The Writings of Carl Schurz/From Horace Greeley, May 20th, 1872

New York, May 20, 1872.

I have yours of the 18th. The corrections you make in the letter of notification shall be followed.

I thank you for the frankness of your view of the situation. That it does not accord with mine only proves that your advices differ from mine. I am sure that is all.

Now let me speak.

I fully understood Mr. Ferry. His officeholders have their necks in the noose—they are threatened with destruction for his sake—and he must save them if he can. He may cause himself to be universally detested; he cannot stop Connecticut going for the Cincinnati ticket at Baltimore and in the choice of President. Keep this letter, and see if I am not right.

Baltimore is far more certain to adopt and ratify the Cincinnati ticket than you are to support it heartily. New York will vote it solid; New England nearly so; the South ditto. Here is enough without looking further. We shall carry this State by more than fifty thousand majority—good judges say seventy-five to one hundred thousand.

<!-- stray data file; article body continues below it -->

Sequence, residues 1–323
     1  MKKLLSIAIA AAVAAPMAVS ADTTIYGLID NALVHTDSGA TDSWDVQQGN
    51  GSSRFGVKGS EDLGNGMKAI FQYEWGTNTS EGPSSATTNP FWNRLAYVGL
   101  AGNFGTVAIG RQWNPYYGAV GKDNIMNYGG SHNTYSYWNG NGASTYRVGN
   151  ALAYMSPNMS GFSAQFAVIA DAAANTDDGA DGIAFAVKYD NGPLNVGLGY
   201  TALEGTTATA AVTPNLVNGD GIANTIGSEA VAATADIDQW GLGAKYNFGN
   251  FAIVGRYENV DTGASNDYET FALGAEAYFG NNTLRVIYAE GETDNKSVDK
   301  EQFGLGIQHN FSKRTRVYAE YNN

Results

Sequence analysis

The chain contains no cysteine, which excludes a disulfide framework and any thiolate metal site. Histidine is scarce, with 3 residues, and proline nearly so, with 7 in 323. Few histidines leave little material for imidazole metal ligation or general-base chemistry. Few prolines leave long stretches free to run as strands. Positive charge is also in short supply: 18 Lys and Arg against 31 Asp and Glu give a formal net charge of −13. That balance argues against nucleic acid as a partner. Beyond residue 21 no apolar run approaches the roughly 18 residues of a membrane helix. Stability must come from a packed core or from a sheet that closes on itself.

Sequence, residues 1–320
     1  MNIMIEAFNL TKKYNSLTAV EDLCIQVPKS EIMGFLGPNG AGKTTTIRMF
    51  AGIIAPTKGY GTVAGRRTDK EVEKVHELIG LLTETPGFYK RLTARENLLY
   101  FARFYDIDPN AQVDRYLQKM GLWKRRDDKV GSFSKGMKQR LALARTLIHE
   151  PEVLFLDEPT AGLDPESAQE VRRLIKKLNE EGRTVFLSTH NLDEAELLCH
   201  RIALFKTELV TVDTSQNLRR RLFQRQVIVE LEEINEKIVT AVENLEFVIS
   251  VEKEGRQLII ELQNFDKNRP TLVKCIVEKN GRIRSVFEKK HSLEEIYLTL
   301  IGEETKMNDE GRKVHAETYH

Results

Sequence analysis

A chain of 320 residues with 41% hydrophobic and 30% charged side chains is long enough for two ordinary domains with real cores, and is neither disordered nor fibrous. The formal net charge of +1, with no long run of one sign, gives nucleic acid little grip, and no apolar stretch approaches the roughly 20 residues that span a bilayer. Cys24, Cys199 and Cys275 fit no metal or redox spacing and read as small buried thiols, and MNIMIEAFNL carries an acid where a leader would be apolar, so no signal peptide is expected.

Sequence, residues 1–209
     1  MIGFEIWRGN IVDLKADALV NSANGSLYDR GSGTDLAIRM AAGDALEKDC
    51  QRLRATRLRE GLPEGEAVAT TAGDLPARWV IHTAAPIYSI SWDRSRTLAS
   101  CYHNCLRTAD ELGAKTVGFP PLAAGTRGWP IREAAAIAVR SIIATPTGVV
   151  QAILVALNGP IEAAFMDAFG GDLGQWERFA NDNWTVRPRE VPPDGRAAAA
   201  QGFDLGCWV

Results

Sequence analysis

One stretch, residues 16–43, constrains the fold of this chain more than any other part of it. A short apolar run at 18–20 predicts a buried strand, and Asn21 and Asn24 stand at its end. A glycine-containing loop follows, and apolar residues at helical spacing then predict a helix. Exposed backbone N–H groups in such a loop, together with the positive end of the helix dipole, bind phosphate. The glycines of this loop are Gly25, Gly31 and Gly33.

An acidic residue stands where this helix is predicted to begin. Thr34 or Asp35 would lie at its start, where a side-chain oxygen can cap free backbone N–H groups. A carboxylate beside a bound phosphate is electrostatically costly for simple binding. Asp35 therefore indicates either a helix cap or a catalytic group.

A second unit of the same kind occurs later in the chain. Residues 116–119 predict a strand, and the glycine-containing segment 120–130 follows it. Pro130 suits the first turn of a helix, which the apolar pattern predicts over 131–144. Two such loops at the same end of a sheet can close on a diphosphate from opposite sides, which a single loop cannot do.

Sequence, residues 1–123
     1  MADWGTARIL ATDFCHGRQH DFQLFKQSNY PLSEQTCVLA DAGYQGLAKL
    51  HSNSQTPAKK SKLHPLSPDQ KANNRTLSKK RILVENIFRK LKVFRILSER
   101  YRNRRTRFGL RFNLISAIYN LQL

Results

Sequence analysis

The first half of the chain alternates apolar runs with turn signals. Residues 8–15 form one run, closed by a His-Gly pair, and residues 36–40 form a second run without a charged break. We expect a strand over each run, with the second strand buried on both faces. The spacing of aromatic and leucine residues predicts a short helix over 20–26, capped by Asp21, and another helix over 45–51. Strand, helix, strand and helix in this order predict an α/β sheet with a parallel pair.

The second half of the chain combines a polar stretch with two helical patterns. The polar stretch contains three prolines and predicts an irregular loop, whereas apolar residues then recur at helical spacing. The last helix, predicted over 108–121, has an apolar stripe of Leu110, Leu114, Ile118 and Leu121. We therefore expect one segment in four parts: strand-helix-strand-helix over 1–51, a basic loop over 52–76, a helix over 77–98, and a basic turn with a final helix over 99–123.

New York and the fifteen ex-slave States choose nearly half the electors. None of these can be carried by legal votes against the Cincinnati ticket, which will have the votes of Connecticut and New Hampshire, and of Rhode Island also if Sprague says so.

I believe our chance is even for the votes of Pennsylvania, New Jersey and the Northwest. But for German hostility, it would be more than even. As it is, Trumbull and Palmer may be beaten in Illinois, but I don't believe it.

I shall accept unconditionally.